Automation is a key facilitator for a SOC’s ability to save time and let the team focus on what matters most. Over the last year we have introduced a new Automation Rules platform which allows playbooks to run when incidents are created, for fast triage and response. We have also released 200+ playbook templates and exposed them in a new tab so you can start getting your value from automation as quickly as possible. But we know that not all of the automation scenarios can be fully automated and run behind the scenes. So we have added another to help you in these cases. This feature was already available for Logic Apps based on the Microsoft Sentinel Alert trigger, and now it’s being made available for those based on the Microsoft Sentinel Incident trigger as well.
Go to Microsoft Sentinel Incidents, select an incident, right click and click Run Playbooks. This can also be done from Actions button in the incident panel.
Playbooks side pane will show all playbooks which start with the Microsoft Sentinel incident Logic Apps trigger
Run playbooks as part of incident investigation and response
Automation rules are the best choice for handling those tasks which should happen when an incident is created, such as: quickly triaging incidents by identifying and closing false positives, reducing the incident queue noise; preparing your incident with enrichment results, to be ready for your analysts to investigate when they get to it; orchestrating the handling of the incident with other teams and systems; and/or immediately mitigating the threat of compromised entities with hard response actions such as resetting a user’s password or isolating an endpoint. But teams usually prefer some tasks to be governed by human decision-making. For example, while investigating an incident, analysts may work with a list of remediation tasks. They might gather supporting information and correlate between multiple insights, leading them to take various actions at their discretion. Also, some SOCs would prefer their analysts to perform actions when needed, even if they can be fully automated, to keep the team hands-on. With this feature, playbooks become a tool that can also be used for these manual steps. Every possible step of the investigation or remediation of an incident can be encapsulated each into its own playbook. These playbooks can be stored in a dedicated resource group which your analysts have access to (or you can give them access to individual playbooks independently ). While working on incidents, analysts can choose at any point to open the playbook side panel and launch a playbook from their list. Microsoft Sentinel remembers the filters each user chooses for the playbooks list, so whenever an analyst comes back to it, they won’t have to filter again. Playbooks which are used most often can be marked as favorites. They will pop to the beginning of your playbooks list.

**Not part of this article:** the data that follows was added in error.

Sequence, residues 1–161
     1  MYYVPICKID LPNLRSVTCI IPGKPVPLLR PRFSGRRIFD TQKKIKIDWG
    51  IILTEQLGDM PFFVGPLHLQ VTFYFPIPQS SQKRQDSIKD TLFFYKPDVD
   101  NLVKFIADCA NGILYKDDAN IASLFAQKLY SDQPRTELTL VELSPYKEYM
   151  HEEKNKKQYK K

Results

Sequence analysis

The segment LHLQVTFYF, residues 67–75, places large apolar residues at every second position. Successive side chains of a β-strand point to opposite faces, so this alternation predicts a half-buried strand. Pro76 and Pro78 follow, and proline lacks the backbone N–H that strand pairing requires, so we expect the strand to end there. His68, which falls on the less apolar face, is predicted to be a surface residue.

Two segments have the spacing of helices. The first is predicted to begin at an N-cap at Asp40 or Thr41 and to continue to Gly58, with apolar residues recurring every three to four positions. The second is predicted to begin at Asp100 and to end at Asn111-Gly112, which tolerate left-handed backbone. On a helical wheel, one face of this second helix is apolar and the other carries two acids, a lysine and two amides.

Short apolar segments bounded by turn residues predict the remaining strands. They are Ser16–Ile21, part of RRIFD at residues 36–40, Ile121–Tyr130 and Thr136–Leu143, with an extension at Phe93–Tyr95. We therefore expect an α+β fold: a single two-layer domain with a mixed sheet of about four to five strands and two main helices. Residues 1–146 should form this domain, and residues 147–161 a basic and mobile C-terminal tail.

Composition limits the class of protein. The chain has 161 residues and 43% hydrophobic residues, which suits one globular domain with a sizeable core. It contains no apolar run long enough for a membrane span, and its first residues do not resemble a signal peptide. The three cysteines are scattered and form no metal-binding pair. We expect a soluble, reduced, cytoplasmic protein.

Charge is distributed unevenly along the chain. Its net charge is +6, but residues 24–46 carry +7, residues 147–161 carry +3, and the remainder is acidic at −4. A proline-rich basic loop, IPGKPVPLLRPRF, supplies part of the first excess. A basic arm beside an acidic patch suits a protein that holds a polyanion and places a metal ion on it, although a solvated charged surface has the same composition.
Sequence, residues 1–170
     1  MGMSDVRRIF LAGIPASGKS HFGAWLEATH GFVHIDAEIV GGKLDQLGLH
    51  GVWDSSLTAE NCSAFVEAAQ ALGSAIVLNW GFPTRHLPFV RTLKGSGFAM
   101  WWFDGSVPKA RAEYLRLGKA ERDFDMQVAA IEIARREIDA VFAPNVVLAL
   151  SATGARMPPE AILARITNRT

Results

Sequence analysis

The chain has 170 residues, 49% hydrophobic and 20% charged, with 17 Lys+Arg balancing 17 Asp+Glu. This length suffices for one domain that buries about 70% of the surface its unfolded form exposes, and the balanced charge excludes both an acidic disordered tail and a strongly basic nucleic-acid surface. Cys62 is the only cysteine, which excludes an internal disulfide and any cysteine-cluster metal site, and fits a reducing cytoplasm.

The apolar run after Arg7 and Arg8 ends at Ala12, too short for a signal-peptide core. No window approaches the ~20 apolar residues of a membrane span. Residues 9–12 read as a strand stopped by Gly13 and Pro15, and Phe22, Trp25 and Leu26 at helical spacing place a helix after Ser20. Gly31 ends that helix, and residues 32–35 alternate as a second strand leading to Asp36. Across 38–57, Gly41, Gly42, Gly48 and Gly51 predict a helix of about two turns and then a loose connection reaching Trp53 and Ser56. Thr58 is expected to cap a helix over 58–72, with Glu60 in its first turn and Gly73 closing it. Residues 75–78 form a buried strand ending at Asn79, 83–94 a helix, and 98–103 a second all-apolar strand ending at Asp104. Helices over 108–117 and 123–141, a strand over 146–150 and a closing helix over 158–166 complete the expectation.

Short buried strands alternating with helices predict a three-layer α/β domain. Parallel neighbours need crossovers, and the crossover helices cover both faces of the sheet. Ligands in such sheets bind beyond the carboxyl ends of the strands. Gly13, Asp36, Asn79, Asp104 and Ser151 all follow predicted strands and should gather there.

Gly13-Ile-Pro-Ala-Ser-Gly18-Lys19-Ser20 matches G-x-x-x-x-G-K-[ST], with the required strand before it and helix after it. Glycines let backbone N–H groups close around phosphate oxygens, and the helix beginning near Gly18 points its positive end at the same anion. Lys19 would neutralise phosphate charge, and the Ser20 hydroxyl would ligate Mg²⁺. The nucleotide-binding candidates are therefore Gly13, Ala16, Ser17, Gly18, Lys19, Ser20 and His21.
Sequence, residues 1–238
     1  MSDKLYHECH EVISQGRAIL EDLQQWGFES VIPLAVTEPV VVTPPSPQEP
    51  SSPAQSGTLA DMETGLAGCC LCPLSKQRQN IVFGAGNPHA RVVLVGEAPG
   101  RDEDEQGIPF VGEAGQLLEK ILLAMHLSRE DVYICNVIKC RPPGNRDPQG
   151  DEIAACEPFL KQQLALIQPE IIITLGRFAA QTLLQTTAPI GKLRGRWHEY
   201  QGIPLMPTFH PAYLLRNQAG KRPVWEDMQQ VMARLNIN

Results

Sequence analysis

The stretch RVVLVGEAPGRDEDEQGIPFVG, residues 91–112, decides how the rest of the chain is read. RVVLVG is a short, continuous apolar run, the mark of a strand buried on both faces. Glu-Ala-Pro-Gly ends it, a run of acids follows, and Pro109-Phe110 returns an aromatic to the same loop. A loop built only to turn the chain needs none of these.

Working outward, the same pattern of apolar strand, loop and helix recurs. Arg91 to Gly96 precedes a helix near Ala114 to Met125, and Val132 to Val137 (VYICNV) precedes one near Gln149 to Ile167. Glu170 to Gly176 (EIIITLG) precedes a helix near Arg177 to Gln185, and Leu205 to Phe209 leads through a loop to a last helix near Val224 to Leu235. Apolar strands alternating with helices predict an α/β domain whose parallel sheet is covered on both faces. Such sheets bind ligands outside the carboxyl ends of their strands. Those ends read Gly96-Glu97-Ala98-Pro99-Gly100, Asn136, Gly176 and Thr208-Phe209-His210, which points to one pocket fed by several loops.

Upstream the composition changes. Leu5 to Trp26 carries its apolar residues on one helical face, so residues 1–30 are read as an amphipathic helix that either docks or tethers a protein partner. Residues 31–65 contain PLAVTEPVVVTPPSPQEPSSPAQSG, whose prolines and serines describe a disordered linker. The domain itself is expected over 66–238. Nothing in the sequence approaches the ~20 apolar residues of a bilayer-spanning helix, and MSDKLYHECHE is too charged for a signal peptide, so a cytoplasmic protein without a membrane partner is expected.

Another important use case for this feature is allowing automation engineers to test the incident playbooks they develop for their SOC. For example, while creating a blank playbook, you may want to debug each step until development is completed, so you can sign off on it before attaching it to an automation rule or allowing analysts to run it on demand. When deploying a playbook template from the Templates tab or from the Content Hub, you may want to run the playbook to see how it really works on your incidents and make adjustments. The challenge is that incident playbooks require both the event trigger of a created incident and a real incident as the input, and until today both could be achieved only with the running of an automation rule. With this feature, you can now choose an incident that a playbook will be tested on and quickly pivot to the record of the playbook run to see how it went.
View run history
Whether for incident investigation and response or for testing use cases, after running a playbook you may want to quickly see the results of your on-demand run. When you run a playbook on demand, you will get a notification that the playbook run started successfully. The Runs tab then allows you to track the run status (ended with success or failure, or still running). You can quickly pivot to the full run log in Logic Apps. At the top of the playbooks side panel, the Runs tab shows a list of all the playbook runs on this incident: both from automation rules and on-demand launches. Some teams configure their playbooks so that their final step makes a change which indicates that it ended successfully, such as writing a comment on the incident. Others will use Azure Monitor to alert when a playbook fails. This feature offers you another option: to quickly pivot to the Runs tab from within the incident context.
New API endpoint
We also introduced a new API endpoint for triggering a playbook. To use it you will need the incident and the playbook ARM ID. You can use it from any HTTP client as part of your scripts, and soon from Microsoft Sentinel PowerShell and CLI. This endpoint is available in our latest API version, with the header “2021-10-01-preview”.